Fred Vasseur says precedents have shown Lando Norris should have been penalised for crossing the pit-lane entry line during the Russian Grand Prix.
The incident occurred when Norris belatedly stopped for intermediate tyres on his McLaren in the closing stages of a race he had led a large portion of.
Having initially tried to stay out on slicks, the Briton found himself struggling to keep control of the car as rain fell heavier on the Sochi circuit, surrendering the lead and the victory to Lewis Hamilton who had stopped earlier.
Heading into the pits, Norris veered back across the white line that marks the pit entry before gathering up the car and steering it in the direction intended.
After the race, the 21-year-old was called before the stewards but instead of receiving a penalty, he was given only a reprimand.
For Vasseur, the Alfa Romeo team principal, the outcome is relevant because if Norris had received a five-second time penalty, it would have promoted his driver, Kimi Raikkonen, to seventh position from eighth.
But while Vasseur expressed sympathy for Norris, whose decision to stay out arguably may have cost him a first F1 win, he also cited other examples where drivers who committed similar pit-lane entry mistakes had been punished.
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“I’m very sad for Lando because he did a fantastic weekend at Sochi,” the Frenchman told Motorsport.com.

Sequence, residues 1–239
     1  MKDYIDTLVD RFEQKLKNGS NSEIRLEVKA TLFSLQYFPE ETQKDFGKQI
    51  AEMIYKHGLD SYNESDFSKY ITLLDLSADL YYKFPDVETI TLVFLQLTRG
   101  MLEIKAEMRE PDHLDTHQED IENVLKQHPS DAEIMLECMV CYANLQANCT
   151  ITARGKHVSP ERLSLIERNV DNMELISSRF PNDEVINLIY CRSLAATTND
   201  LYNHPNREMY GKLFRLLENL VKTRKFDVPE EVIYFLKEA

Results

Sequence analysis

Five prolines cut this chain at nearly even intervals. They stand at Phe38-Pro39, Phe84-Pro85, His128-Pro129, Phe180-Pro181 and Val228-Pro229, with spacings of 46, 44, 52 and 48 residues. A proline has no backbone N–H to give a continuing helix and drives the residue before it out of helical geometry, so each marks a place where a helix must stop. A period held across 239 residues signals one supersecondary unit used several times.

“But then it’s not because you like the guy and he deserved to win that we have to change the rule. The rule is crystal clear – that if you cross the line, you have to be penalised.
“It was the case on tons of occasions, for 10 times less than this, with [Yuki] Tsunoda in Spielberg, with Raikkonen last year at Mugello. And exactly the same condition with Lewis at Hockenheim in 2019.”
Technically, Hamilton’s 2019 German Grand Prix penalty was for going the wrong side of the pit entry bollard, not crossing the line, but earned the same five-second penalty.
Of Norris’ error, Vasseur added: “The advantage for Lando was mega. Because in this situation either you take five seconds or you do another lap in the wet on slicks, and you are losing perhaps 25 seconds.
“And probably a five-second penalty is not enough. I perfectly remember that when Lewis took the penalty at Hockenheim, 99% of the paddock complained it was too small.
“The question for me is that if we open the door to this kind of discussion each time someone puts a wheel on the white line, we will try to find a good reason. And we will go to the stewards and explain and show the data, and it’s an endless discussion.”
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